Thursday, December 1, 2022

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Collections & Hobbies

Be kind. Please rewind.


VHS is happiness for video junkie Nate Phillips and his massive collection of tapes.

Nate Phillips’ basement is not a Blockbuster video store, but with a collection of more than 3,000 tapes and authentic movie rental store shelving, it could pass for one.

Watching films via digital streaming has largely destroyed the once mighty video store industry, but within the basement of Nate Phillips’ home is an epic collection of old-school, at-home, movie-viewing options. At last count, he possessed 3,000 films, but that was some time ago.

“I have a lot more now,” he assures.

Bolstering Phillips’ movie surplus is 1,100 videodiscs — an at-home viewing option that emerged about the same time as the VCR — and a substantial number of Betamax tapes. (NOTE: VHS and Betamax battled one another for American market share supremacy, and this war peaked in the mid-1980s. Despite the fact that many industry experts preferred Betamax’s technology, VHS ultimately emerged victorious.)

“My collection started with records,” he says. “In the 1990s, it was an inexpensive way to get the music I liked.”

For that same reason, Phillips branched out into buying movies on VHS. He preferred flicks from the 1980s anyway, so it became a cost-efficient way of scratching his cinematic itch.

Other treasures dating back to the Reagan/Bush/Clinton administrations are also in Phillips’ basement. Within plain view is an Ultimate Warrior lunch bag, lunchboxes of all kinds, Nintendo games, He-Man and Skeletor figurines, a GWAR matchbook, Tonka toys and action figures of many varieties. But the VHS items dominate the optic nerve.

“The very first VHS (player) available on the U.S. market is this one,” says Phillips, pointing to a boxy machine from the late 1970s. He also has the first Betamax player that was widely available. Neither unit currently plays tapes, but he has plenty of machines that do. One such unit is his Region 3 VCR that can play VHS tapes from anywhere in the world.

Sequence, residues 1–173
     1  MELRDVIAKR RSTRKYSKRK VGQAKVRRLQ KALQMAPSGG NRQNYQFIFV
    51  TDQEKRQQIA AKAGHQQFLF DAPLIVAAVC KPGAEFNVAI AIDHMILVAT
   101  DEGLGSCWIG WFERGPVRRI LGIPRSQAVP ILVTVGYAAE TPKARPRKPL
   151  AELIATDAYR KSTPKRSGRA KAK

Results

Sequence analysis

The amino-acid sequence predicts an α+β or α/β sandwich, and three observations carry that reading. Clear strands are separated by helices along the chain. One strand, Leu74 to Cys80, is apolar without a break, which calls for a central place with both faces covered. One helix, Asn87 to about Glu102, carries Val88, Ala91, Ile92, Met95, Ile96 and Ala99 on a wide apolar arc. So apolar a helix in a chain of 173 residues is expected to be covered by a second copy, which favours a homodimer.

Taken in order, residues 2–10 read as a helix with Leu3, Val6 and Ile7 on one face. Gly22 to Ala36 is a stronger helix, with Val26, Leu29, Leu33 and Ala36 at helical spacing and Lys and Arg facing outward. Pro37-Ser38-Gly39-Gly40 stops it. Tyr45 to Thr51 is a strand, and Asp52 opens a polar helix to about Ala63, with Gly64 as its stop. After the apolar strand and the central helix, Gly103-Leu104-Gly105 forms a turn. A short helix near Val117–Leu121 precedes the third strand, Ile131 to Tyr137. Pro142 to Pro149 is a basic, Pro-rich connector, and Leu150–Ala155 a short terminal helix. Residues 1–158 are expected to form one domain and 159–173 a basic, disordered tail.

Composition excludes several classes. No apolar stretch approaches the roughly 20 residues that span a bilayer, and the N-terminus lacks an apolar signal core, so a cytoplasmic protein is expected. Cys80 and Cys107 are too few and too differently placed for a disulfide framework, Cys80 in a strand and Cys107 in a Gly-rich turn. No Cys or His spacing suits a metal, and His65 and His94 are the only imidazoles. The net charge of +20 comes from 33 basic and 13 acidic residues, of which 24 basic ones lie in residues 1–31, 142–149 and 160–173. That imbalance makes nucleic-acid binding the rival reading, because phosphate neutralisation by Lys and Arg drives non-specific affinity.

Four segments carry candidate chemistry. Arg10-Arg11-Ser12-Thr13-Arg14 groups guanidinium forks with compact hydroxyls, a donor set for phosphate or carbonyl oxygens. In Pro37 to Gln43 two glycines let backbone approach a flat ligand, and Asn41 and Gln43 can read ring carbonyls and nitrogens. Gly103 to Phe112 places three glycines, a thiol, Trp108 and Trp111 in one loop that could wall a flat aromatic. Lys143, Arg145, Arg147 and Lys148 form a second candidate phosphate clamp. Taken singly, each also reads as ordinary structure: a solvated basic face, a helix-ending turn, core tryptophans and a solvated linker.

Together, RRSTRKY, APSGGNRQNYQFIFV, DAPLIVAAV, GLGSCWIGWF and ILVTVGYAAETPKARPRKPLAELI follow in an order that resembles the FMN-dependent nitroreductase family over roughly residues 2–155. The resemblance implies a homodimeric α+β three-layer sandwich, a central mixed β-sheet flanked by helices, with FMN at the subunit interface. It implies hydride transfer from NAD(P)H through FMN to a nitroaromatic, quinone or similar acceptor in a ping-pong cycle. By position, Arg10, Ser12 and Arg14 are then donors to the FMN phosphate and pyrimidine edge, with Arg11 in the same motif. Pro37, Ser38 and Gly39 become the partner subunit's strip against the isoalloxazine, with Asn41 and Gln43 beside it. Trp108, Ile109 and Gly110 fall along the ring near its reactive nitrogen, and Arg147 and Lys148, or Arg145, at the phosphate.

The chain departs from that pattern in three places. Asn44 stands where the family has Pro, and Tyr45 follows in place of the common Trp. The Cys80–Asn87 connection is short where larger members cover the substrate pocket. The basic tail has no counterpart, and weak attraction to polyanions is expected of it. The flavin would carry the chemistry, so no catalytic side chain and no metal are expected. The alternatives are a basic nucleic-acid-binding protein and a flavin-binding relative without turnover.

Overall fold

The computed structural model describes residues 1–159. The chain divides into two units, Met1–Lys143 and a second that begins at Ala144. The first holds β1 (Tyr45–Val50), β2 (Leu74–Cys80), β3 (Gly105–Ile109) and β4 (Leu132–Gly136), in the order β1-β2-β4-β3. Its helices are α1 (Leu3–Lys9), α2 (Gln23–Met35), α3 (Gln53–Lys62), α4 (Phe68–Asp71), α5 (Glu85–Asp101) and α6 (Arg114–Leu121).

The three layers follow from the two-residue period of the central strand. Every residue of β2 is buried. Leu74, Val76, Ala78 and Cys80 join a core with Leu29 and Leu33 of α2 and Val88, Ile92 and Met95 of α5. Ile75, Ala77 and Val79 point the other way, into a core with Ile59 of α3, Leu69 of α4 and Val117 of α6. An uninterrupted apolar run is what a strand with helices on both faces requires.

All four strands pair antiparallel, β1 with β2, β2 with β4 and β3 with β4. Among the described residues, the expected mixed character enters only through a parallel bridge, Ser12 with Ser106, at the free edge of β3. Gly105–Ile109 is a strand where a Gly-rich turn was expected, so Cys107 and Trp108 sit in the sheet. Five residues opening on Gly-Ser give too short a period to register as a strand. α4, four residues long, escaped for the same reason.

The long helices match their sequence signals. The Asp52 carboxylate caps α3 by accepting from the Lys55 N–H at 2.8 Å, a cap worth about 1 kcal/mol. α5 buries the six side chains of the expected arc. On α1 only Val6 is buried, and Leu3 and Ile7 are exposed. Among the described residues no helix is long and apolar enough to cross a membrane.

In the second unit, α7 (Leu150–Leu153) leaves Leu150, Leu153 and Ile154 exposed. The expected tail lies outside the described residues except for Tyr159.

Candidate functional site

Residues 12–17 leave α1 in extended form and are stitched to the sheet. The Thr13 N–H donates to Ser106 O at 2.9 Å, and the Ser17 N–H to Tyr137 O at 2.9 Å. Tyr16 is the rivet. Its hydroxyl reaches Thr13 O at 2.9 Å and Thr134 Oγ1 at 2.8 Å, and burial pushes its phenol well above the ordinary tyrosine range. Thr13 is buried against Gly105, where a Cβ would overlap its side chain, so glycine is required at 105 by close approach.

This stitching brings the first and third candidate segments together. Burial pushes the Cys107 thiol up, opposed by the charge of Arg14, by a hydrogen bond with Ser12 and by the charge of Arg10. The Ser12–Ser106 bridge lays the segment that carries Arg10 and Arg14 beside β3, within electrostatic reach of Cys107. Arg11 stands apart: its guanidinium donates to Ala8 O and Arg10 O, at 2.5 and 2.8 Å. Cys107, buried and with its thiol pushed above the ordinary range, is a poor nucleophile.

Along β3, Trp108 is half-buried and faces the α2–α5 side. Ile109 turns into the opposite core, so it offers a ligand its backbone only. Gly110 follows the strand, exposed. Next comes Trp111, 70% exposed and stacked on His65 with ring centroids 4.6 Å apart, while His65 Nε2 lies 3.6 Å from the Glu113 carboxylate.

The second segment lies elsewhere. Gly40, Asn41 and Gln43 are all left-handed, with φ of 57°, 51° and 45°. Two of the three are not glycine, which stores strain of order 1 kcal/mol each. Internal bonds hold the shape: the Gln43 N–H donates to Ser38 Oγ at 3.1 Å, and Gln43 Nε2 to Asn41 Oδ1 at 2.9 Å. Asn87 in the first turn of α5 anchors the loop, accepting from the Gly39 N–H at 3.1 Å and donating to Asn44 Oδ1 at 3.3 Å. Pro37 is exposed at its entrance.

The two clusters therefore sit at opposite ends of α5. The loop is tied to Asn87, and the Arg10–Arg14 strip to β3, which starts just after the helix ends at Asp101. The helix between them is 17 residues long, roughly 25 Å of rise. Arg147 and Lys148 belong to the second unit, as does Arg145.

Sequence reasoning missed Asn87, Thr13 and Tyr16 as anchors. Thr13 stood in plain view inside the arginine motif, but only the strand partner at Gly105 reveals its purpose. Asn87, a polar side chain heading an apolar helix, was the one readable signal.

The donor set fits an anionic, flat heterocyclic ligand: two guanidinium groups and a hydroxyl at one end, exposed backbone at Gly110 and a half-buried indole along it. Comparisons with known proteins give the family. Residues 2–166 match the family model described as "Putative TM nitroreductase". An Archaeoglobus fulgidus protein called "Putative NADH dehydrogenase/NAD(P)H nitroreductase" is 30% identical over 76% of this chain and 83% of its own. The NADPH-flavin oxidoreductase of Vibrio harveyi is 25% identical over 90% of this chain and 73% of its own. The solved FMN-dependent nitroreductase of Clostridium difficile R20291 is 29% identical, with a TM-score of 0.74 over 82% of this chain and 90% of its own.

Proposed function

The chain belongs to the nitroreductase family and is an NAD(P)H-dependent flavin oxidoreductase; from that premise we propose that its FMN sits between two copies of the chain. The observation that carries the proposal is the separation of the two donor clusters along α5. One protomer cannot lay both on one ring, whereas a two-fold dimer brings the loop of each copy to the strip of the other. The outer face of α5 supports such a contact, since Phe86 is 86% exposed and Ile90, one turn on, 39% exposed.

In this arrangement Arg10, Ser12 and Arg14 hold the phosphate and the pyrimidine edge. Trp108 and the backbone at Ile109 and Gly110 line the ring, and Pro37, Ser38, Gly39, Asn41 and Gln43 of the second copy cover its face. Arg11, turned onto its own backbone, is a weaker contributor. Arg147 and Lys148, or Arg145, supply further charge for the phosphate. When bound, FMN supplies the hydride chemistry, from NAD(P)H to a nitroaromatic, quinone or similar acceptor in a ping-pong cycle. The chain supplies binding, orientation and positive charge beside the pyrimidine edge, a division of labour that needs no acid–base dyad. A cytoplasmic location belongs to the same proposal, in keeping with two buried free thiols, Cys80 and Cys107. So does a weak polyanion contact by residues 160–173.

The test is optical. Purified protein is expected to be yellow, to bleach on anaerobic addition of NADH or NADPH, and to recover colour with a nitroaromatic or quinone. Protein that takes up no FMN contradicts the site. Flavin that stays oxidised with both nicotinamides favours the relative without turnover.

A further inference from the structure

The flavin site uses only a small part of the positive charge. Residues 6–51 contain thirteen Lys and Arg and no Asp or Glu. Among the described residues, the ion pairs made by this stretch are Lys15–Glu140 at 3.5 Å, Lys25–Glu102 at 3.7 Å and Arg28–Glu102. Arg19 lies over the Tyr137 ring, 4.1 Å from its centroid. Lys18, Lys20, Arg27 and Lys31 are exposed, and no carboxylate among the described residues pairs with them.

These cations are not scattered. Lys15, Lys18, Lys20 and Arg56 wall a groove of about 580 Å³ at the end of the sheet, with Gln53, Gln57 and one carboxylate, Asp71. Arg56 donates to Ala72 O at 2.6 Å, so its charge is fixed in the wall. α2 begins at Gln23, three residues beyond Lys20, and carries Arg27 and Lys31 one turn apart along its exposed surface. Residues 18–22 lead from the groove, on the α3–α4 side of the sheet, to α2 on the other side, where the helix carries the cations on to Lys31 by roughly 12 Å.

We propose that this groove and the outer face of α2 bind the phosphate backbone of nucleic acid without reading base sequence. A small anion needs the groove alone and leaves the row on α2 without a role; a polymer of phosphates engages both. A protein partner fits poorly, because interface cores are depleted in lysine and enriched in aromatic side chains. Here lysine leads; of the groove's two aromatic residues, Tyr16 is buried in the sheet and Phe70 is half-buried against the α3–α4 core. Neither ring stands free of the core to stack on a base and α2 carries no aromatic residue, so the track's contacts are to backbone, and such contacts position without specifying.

But even though Phillips can watch tapes made anywhere in the world, that doesn’t mean he has seen every movie in his own house.

“I’m still working on them,” he laughs before saying that doesn’t stop him from looking for more. “I try to get stuff by finding it in the wild, by thrifting at Goodwill and that kind of stuff. But if I’ve been looking for something for a year and I can afford to get it, I figure out a way to get it (by using the money earned from selling other collectibles).”

With so many wonderful and rare items, one has to wonder… If his house was burning down, and if he could only take one tape, which would it be?

“I’ve never thought of that,” Phillips admits while searching his mind’s mental catalogue. “I’d like to think that would never happen. … Does it have to be one thing or an armload? … It’d have to be my heavy metal horror shelf, because I could get that in one armload. That’s like ‘Hard Rock Zombies,’ ‘Rock ‘n’ Roll Nightmare,’ ‘Hard Rock Nightmare,’ ‘Rocktober Blood’ and that kind of stuff. Horror that revolves around a recording session or a concert tour.”

To see Phillips’ VHS related line of apparel and merchandise that he makes on his four-color one-station press — also in his basement — visit ♦

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